1931 Crop Destruction
Many people who are not farmers or at least backyard gardeners don’t understand the frailty of crops. Most people see abundant canned and packaged food on the grocery shelves and never contemplate a shortage or potential problem. The food available in your grocer’s freezers seems inexhaustible. Even when your grocer culls the fruit and vegetables in the produce department it appears they are concerned about appearance as much as anything else. Yes, you must pay for it, but bananas are brought in from the Caribbean and raspberries from South America. Food was not always this plentiful.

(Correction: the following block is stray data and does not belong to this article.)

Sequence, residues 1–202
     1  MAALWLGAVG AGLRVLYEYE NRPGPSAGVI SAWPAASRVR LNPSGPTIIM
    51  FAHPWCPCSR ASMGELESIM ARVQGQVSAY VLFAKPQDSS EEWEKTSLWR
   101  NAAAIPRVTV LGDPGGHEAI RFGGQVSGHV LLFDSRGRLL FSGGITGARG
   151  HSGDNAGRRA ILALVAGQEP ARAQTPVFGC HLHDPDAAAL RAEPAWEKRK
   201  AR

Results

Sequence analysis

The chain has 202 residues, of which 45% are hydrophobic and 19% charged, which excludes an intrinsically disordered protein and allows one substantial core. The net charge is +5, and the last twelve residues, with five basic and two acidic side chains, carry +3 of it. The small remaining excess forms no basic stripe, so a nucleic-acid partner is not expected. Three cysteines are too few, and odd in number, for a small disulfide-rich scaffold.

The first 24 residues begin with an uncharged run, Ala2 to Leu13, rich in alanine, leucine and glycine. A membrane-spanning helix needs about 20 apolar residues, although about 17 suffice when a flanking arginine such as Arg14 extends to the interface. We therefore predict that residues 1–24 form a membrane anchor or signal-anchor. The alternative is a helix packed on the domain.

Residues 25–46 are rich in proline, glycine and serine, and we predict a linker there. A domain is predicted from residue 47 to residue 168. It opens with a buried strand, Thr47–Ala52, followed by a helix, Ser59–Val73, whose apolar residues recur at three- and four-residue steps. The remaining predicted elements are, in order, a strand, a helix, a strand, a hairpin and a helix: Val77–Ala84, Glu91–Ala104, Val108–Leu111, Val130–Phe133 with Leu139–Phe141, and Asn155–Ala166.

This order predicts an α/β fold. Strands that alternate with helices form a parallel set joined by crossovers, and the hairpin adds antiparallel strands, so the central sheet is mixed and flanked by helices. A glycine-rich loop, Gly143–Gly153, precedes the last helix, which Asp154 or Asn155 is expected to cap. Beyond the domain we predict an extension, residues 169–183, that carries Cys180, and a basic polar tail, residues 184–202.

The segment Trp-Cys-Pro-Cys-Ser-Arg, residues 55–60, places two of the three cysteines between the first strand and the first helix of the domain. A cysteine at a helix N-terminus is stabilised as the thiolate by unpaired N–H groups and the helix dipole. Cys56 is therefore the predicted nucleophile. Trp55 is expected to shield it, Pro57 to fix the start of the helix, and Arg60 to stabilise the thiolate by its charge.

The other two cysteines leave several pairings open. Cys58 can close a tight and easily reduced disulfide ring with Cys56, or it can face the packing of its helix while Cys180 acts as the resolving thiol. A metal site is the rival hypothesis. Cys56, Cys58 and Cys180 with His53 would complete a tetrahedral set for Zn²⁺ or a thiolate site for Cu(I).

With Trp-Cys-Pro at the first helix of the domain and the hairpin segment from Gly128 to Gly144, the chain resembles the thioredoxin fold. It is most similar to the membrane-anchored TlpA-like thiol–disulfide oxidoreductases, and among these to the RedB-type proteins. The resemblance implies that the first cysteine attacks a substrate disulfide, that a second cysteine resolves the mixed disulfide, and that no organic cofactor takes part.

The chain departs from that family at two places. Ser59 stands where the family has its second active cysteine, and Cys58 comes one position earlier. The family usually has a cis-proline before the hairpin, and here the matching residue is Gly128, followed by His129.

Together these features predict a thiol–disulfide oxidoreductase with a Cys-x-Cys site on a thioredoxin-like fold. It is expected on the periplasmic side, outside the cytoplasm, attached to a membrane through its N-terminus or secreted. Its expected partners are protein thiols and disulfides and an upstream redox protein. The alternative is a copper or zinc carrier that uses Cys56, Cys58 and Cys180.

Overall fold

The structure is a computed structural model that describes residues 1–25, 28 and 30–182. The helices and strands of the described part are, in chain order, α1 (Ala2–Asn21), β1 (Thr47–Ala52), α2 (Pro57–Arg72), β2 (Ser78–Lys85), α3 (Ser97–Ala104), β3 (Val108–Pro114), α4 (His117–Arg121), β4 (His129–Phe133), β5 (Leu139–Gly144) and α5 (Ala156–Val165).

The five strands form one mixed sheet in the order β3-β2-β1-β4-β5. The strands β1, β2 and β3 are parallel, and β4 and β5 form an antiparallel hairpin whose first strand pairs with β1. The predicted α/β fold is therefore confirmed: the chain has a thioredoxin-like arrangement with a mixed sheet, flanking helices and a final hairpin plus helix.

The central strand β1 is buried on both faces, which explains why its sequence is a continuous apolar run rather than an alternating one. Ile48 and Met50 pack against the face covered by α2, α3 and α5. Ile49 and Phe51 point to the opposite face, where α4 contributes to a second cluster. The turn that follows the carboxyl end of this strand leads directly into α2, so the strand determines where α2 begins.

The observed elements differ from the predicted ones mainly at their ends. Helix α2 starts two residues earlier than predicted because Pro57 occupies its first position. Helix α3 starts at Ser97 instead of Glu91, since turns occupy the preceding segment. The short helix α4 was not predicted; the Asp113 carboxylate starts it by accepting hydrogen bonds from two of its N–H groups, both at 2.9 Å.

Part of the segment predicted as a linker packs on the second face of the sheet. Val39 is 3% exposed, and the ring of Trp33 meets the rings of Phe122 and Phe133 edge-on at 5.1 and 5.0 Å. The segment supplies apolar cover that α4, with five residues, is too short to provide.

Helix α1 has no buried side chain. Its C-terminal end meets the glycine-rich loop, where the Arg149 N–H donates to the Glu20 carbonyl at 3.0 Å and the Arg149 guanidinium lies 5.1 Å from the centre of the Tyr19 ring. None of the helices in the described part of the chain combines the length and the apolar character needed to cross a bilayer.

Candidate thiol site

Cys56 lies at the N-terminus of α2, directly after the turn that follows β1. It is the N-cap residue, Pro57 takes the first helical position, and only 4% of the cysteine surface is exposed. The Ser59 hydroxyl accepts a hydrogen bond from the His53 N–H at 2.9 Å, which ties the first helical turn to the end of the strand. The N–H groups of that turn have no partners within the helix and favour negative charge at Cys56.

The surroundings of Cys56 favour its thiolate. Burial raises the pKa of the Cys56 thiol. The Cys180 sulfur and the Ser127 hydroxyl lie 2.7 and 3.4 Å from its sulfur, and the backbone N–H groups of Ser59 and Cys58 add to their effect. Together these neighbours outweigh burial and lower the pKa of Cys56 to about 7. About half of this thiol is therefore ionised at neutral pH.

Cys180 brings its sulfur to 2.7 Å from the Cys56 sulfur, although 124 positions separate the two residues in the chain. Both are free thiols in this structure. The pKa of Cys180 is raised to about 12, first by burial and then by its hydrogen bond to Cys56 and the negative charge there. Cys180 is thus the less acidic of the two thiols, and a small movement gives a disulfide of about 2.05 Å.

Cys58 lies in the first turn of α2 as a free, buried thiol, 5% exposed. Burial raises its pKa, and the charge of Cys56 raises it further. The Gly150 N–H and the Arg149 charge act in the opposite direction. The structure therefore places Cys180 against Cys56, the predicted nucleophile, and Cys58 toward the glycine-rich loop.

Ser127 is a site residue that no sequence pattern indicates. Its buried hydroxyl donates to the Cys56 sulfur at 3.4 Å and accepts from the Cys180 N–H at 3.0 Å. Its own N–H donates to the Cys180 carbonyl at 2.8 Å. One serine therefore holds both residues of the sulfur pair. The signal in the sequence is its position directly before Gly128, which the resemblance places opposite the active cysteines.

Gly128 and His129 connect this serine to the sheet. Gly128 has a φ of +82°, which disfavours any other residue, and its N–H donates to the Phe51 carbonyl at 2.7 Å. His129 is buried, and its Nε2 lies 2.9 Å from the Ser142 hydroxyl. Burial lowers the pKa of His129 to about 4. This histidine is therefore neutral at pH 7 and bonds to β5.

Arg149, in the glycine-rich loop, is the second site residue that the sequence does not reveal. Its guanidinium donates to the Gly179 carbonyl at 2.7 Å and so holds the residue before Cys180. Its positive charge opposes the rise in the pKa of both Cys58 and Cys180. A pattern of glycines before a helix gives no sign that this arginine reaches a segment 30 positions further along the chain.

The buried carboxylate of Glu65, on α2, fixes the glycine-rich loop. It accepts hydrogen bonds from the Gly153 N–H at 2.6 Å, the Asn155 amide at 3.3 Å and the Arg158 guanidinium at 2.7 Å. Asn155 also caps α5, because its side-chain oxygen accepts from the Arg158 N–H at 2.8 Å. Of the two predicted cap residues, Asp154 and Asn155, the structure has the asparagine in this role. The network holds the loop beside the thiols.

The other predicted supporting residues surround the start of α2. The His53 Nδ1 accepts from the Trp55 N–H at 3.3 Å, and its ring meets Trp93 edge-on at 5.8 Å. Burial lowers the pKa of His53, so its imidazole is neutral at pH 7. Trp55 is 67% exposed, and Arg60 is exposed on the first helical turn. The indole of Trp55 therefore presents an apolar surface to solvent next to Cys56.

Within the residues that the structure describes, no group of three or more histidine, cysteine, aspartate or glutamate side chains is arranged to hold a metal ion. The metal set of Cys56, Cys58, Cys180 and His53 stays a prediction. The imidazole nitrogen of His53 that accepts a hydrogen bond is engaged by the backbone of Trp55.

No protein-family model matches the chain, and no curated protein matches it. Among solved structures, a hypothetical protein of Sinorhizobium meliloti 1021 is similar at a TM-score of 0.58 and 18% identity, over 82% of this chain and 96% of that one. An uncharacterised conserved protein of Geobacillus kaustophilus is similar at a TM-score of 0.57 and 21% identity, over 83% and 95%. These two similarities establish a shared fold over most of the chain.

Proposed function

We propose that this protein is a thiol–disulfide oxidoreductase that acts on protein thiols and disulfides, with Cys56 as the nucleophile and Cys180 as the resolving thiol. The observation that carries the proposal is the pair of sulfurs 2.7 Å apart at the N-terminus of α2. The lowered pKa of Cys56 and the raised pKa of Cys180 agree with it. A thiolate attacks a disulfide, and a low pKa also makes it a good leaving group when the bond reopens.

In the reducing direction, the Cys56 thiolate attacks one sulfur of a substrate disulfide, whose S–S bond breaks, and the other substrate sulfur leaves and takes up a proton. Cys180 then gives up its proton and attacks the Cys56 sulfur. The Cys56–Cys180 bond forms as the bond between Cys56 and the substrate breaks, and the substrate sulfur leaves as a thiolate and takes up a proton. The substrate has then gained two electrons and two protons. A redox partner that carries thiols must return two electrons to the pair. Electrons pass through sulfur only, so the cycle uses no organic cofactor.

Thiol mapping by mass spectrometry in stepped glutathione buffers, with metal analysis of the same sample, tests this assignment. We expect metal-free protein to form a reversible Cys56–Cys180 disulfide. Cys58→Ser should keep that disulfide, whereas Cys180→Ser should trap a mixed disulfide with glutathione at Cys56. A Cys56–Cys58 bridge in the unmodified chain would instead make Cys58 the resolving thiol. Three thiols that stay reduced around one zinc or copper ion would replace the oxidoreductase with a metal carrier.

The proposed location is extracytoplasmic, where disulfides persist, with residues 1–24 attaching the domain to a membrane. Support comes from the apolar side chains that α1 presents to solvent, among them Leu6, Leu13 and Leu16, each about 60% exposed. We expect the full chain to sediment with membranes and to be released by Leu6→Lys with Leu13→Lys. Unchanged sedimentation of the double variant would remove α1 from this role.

Some of the problems aﬀecting the growth of crops are soil fertility, disease, moisture, and other consumers of your crop. Soil fertility was originally solved by moving to a new farming area where the nutrients in the soil had not been depleted. Human and animal waste was used as fertilizer before chemical fertilizers were developed. Plant diseases can be a significant yield and quality constraint for growers. Chemical treatments and preventatives have been developed for bacteria, fungi, and viruses in and on plants. Excessive moisture can cause plant rot and drowning in most plants (rice may be the sole exception). Too little moisture causes drought and the plants dry up and blow away. Some crops may be eaten by rabbits or deer. And then there are the insects!
Since the very beginning of deliberate agriculture, people have struggled…
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